photography, serendipity

Two Visual Illusions

Follow the photons.  The backstory of one illusion begins far away and ends on a window pane.  The backstory of another illusion turns day into night, but not in the same way as the challenge that inspired this post.
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A ghostly translucent squid seems to hover in midair between the viewer and nesting herons.  No, I did not combine a heron image with a squid image in my photo editor.

HeronSquid_581x684
The photo is of a page from National Wildlife magazine, taped to window glass and lit from the outside.  (The page blocks a reflection of the sun from a neighbor’s window.)  The squid looks a good deal closer than the herons despite being farther away, but only by the thickness of the page.  The illusion in real life is just like the illusion in the photo.

The photo below illustrates a haiku about a bright full moon shining thru autumn leaves.  Is it really the moon or just a flood light?  Neither.

Chiaroscuro_moon_443x449

The photo was taken by daylight.  The sun was above and behind me, but the light was dappled by unseen leaves (between me and the sun) before reaching the leaves I photographed.  I was hoping for some chiaroscuro and got more than expected by sheer dumb luck.  Most of the photographed leaves were in shade.  Thanks to some unusually reflective green leaves that were in bright sun behind the colored ones, those colored leaves seem to be transmitting light from behind them when they are actually reflecting light from in front of them (and behind me).

The photos displayed above were chosen from among several exposure settings, then edited only by cropping.  More extensive editing may be needed to create other illusions or to compensate for differences between how cameras and eyes see things.  In particular, consider the challenge that inspired this post:

Illusions ~ Pic and a Word Challenge #213

Here are smaller versions of the images displayed in the challenge:

Desaturating a deliberately underexposed photo turned day into night.  At any single exposure setting, a photo of the contrasty daylight scene would be either washed out in light areas or blacked out in dark areas.  (Maybe both.)  Editing merged several exposures to approximate how the scene looked to human eyes.  Visit the challenge for more details on HDR editing and a fine haiku with no technical prerequisites.

 

(reblog), humor, music, photography

Cathedral & Lighthouse & Xmas Carol

Claude Monet’s paintings of the cathedral at Rouen illustrate the principle that what U see depends on when U look.  Patrick Jennings’ photos of the lighthouse at Amphitrite Point illustrate the same principle.  The prose poem posted with one of them has also inspired new lyrics for a classic Xmas carol.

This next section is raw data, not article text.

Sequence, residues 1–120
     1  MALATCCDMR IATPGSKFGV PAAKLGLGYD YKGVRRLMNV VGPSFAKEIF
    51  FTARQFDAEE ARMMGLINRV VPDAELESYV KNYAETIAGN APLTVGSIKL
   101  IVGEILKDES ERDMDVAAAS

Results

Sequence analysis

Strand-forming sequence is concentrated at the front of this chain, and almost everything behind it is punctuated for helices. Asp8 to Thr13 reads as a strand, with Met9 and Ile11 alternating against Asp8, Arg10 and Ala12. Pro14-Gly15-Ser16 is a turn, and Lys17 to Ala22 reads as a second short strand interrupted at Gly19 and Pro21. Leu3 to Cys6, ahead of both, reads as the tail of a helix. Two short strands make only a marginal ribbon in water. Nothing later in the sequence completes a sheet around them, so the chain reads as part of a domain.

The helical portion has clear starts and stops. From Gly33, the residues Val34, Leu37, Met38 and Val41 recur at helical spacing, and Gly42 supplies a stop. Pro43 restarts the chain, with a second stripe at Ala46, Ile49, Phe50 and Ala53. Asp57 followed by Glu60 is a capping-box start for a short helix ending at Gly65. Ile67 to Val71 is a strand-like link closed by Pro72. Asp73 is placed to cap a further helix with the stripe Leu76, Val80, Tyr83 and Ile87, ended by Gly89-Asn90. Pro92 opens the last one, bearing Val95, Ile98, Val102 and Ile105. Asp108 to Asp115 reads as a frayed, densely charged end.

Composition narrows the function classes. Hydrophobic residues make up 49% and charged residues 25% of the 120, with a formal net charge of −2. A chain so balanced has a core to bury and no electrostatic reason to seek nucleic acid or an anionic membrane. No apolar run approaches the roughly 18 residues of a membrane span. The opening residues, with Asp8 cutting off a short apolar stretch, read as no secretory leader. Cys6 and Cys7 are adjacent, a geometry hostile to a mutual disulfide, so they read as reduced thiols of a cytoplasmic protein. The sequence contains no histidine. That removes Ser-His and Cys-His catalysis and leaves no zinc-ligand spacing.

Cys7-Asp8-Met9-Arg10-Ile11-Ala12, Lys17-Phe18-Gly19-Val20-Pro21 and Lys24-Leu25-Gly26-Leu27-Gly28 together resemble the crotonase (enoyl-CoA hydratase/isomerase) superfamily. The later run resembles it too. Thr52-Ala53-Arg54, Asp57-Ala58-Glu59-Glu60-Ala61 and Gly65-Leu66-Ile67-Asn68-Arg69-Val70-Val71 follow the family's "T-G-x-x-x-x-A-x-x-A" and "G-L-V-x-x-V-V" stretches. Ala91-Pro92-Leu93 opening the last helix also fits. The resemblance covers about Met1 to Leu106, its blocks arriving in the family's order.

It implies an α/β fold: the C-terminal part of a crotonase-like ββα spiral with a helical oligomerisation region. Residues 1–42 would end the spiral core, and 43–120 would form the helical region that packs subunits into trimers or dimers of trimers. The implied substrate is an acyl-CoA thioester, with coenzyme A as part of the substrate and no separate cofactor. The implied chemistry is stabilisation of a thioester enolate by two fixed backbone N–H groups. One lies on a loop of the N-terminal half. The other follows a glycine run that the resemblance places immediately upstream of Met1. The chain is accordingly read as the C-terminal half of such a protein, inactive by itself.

(BTW, the [Menu] button atop the vertical black bar reveals the widgets.)

RouenCathedral_Monet_1894_559x874

Claude Monet’s paintings of Rouen Cathedral are well-known.  Tho built for utilitarian rather than devotional purposes, the lighthouse at Amphitrite Point (on the coast of British Columbia) has much in common with the Rouen Cathedral.  Each tries to guide the viewer to some form of safety.  Each looks different at various times (and from various vantage points).  Each has had its beautiful variety captured by a great artist.

amphitrite-point-lighthouse

© Patrick Jennings | Pix to Words | Amphitrite Lighthouse

Click on the image credit for access to Patrick Jennings’ other photos of the Amphitrite Lighthouse.  Each image is accompanied by poetry.  The prose poem posted with this image is an evocative dialog between the “Great Light” of the setting sun and the “little light at Amphitrite” (who gets the last word).  Hmmm.  “Little light at Amphitrite” could have a nice rhythm and an internal rhyme.

While the name of the eponymous Greek goddess is pronounced like [am-fi-tright-ee], it is OK to pronounce the place name like [am-fi-tright].  (Amid wind and waves, saying the [-ee] would sound rather twee.)  Why do I care?  Consider the tune of the Xmas carol O little town of Bethlehem.  As with Greensleaves or Glorious things of thee are spoken, a great musical foundation can support many lyrical superstructures.

|O little light at Amphitrite,
|how bright we see thee glow.
|The sea can smash a boat on rocks,
|as all good sailors know.
|But sailors steer with confidence
|they will not drown just yet.
|Thy beacon guides them safely home
|no worse than cold and wet.

(reblog), haiku, photography, tanka

Dawn Can Endure

Tho originally written in response to a challenge on a blog other than CDHK, the tanka here can also respond to Carpe Diem #1214 dawn because it uses the word dawn and has fragment/phrase structure on 2 levels: between the haiku and the rest of the tanka as well as within the haiku itself.

My tanka responding to a challenge posted by Patrick Jennings is a riff on the splendid photo he provided, with hills that seem to go on forever in both time and space.

Originally posted by Patrick Jennings in
[Evanescent ~ Pic and a Word Challenge #89]:

himalayan-foothills-sunrise-kunjapuri-devi-temple-rishikesh-uttarakhand-india-copy

View original

Seize the Sunrise
Evanescent dawn.
Do hills endure forever?
No, but long enough.
~ ~ ~ ~
Art subverts time with pixels;
the moment also endures.

(reblog), haiku, photography, tanka

Seize the Sunrise

My tanka responding to a challenge posted by Patrick Jennings is a riff on the splendid photo he provided, with hills that seem to go on forever in both time and space.

Originally posted by Patrick Jennings in
[Evanescent ~ Pic and a Word Challenge #89]:

himalayan-foothills-sunrise-kunjapuri-devi-temple-rishikesh-uttarakhand-india-copy

View original

Seize the Sunrise
Evanescent dawn.
Do hills endure forever?
No, but long enough.
~ ~ ~ ~
Art subverts time with pixels;
the moment also endures.